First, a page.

Why are Switzerland's sewers filled with gold?

Rosie Vare

If you don't mind getting your hands a little dirty, head to Switzerland... their sewers are literally teeming with gold!

A new study commissioned by the Federal Office for the Environment reports more than $3 million dollars worth of precious metals are found annually by more than 60 wastewater treatment plants.

See also: Treasure hunter finds 600-year-old gold rings

See also: Where's the best place to look for buried treasure?

That means 95 pounds of gold and 6,600 pounds of silver are wasted each year.

Sadly, scientists say the precious metals aren't worth recovering, but in some areas of southern Switzerland where there are several gold refineries, "concentrations of gold in sewage sludge are sufficiently high for recovery to be potentially worthwhile."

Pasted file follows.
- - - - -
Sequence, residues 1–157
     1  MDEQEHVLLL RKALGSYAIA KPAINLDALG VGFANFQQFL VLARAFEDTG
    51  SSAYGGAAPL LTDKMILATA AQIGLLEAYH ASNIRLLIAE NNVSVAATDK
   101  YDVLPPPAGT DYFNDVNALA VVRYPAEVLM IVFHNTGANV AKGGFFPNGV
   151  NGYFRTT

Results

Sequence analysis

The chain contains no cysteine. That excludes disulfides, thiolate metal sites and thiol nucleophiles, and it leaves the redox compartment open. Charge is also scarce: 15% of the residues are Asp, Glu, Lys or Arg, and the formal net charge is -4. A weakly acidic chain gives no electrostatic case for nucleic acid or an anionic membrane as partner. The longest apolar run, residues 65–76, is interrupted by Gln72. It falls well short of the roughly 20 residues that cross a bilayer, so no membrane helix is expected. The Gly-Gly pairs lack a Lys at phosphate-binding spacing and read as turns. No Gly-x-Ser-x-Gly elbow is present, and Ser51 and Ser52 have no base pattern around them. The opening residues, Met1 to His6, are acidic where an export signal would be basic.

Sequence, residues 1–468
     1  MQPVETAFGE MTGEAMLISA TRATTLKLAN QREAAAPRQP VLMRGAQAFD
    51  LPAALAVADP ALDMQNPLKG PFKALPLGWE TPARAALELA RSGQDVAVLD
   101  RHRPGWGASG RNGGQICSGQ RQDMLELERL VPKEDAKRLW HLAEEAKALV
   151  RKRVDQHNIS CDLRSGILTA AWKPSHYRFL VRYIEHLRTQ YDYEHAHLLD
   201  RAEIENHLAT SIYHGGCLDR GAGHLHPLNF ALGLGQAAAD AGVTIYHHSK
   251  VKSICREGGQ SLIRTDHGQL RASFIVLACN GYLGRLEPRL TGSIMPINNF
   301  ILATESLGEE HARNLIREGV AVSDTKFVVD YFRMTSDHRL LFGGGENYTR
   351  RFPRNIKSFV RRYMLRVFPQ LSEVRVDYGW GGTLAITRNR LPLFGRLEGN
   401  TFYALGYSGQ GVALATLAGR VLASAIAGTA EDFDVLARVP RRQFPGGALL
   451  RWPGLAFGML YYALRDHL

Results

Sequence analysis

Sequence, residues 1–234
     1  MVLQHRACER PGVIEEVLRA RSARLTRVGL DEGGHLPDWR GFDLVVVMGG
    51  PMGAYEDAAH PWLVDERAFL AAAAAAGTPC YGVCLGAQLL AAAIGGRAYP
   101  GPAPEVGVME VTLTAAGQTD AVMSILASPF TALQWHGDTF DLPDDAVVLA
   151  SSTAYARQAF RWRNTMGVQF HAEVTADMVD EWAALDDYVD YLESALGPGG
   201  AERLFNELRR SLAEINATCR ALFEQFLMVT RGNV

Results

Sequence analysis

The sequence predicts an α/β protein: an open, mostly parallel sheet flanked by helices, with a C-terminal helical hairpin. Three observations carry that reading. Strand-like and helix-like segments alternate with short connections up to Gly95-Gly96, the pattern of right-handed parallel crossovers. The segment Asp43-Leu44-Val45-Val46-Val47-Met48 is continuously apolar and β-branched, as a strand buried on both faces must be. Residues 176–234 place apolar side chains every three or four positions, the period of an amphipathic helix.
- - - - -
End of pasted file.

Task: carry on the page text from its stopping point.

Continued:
The U.S. also potential has another gold rush on its hands.

A 2015 study estimated $13 million in gold could be recovered from the waste of one million Americans a year.

The study says those metals are coming from hair care products, detergents, and socks.

But for all those metals floating around in sewage systems, according to the Swiss study, it poses no harm to mother nature. Which brings a whole new meaning to the word 'golden throne,' just wash your hands.